Green Living in Málaga: How to Do Your Part – A Guide to Recycling

Help Malaga continue to be the vibrant and clean city you’ve come to love. In this article, you will be guided through some helpful tips when it comes to clean living.  How to recycle properly, shop locally and helpful tips during the water restrictions in Malaga.

Recycling in Malaga

Let’s start by digging into Spain’s recycling policies. After your arrival in Malaga, you might noticed many different coloured bins when throwing your trash out. Did you know that these colours work as labels? Each color signifies a specific category of recyclable material, guiding you and other citizens to a more sustainable living. On every bin there’s also text and pictures of what is appropriate to throw into them.

Here is a summary of the different bins;

  1. Blue: paperand cardboard.
  2. Brown: organic and compostable.
  3. Yellow: plastics.
  4. Blue: paper and cardboard.
  5. Green: glass.
  6. Black: general waste.

You’re not just sorting waste –you’re supporting Malaga’s commitment to green living.

Local Produce in Malaga

Thanks to Malaga’s warm climate, a diverse range of fruits and vegetables flourish year-round. While supermarkets offer fresh produce, enjoy the vibrant atmosphere of Malaga’s markets. For instance, just a 20-minute train ride away lies Torremolinos, where every Thursday hosts an outdoor market. At this market, you’ll find stands offering not only fresh fruits and vegetables, but also a range of goods, including clothing, toys, shoes, jewellry, and tools

Being a coastal city, Malaga boasts a bounty of locally caught fish, readily available at restaurants and supermarkets, displayed on iced counters.Not only gives you the best tasting experience when cooking your food, but it supports local fishermen and business in the areas.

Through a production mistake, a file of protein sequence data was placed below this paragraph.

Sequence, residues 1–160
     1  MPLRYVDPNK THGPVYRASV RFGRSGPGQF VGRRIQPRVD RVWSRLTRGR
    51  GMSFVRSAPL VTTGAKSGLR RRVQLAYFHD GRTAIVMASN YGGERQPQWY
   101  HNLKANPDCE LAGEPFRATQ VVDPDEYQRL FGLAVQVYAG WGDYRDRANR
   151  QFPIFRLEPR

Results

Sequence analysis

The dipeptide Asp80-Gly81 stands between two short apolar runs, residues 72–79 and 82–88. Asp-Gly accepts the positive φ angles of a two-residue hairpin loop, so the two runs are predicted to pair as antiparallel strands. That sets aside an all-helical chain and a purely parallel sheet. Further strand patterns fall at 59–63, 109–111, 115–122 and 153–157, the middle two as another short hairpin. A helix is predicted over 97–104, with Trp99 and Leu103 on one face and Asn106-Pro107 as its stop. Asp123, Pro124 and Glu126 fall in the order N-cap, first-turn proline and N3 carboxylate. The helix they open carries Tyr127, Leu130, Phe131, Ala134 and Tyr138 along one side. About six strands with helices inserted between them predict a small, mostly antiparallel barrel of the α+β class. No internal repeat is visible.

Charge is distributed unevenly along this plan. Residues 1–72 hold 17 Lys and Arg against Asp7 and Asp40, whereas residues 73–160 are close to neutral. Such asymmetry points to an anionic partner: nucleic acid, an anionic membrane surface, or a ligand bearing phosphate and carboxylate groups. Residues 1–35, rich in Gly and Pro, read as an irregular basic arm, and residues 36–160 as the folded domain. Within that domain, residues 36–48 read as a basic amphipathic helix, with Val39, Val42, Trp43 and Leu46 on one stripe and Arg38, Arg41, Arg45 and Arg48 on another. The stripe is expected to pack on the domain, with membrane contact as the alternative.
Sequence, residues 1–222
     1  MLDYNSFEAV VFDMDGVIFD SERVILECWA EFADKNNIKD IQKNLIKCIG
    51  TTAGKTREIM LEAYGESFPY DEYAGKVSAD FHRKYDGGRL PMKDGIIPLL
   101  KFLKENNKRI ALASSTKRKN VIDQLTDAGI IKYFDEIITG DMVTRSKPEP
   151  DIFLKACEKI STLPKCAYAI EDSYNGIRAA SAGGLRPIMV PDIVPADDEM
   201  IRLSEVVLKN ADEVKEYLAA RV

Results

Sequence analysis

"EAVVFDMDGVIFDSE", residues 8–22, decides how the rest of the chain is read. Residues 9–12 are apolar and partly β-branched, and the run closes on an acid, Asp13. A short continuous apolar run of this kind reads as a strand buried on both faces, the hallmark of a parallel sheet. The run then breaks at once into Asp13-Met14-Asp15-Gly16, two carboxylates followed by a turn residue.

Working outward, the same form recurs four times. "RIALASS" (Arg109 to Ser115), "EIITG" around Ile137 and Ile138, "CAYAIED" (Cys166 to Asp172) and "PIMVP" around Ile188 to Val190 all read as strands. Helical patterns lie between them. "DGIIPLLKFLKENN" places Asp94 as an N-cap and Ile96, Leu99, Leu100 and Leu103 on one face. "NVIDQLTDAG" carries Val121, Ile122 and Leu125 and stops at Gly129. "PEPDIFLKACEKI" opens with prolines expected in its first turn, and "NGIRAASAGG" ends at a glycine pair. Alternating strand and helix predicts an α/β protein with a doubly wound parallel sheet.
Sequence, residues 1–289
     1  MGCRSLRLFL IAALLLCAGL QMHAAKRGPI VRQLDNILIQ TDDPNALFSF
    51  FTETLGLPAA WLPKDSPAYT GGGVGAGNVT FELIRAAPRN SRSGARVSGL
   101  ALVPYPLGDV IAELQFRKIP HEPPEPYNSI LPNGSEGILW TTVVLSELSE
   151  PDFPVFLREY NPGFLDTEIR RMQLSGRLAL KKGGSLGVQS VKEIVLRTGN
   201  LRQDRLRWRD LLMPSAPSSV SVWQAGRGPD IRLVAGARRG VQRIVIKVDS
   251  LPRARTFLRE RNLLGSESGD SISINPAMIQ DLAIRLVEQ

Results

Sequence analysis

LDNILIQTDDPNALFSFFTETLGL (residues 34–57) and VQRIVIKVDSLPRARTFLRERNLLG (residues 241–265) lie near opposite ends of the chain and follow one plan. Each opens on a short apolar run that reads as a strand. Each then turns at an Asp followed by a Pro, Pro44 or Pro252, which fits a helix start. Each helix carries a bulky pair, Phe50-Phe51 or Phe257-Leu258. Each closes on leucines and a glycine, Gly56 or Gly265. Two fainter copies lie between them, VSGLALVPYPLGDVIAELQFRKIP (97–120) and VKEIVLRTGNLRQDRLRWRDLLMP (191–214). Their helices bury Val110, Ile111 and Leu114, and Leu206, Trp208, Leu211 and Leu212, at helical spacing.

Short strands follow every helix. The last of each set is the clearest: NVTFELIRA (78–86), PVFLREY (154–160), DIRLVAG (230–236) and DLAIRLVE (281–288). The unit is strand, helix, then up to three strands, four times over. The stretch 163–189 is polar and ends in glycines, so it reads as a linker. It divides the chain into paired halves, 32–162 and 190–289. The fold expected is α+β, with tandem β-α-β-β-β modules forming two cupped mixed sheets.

If your interest is toward self-sufficiency, Malaga’s favourable climate gives you an opportunity to cultivate your own garden. Whether you have a spacious backyard or a smaller balcony, you can embrace gardening year-round. Growing your own herbs and vegetables allows you to have a fresh and readily available supply of flavourful ingredients for cooking, enhancing the taste and nutritional value of your meals.

In conclusion, by creating your own sustainable garden, you can reduce your reliance on markets while enjoying the satisfaction of growing your own food.

Water Restrictions in Malaga

Out of 365 days out of the year, 300 are without rain. This of course contributes to drought and forces the city to regulate water usage. Here are some helpful tips on how to deal with the water restrictions:

  1. Turn off taps. Be mindful of water use during daily tasks. Turn off the tap while shampooing, conditioning, or brushing your teeth to save water. Also, consider avoiding washing dishes under running water.
  2. Full laundry: Maximize efficiency by ensuring full loads of laundry each time. This reduces the frequency of laundry cycles and saves water.
  3. Don’t hose: For your outdoor activities, if it’s cleaning the porch, the car or watering your plants. Use a bucket with soapy water for cleaning, instead of hosing it. Even better would be to sweep away dirt instead of using water.
  4. Reuse your water: Rinse your clean dishes or vegetables over a bucket. The water can be used for watering plants, outdoor cleaning and even to refill the tank of your toilet.

Remember, every drop counts. By making these simple changes in your day, you’re not just saving water, but also playing a vital role in creating a sustainable future for Malaga.

Interested in more? Continue reading about Sustainable Living in Malaga

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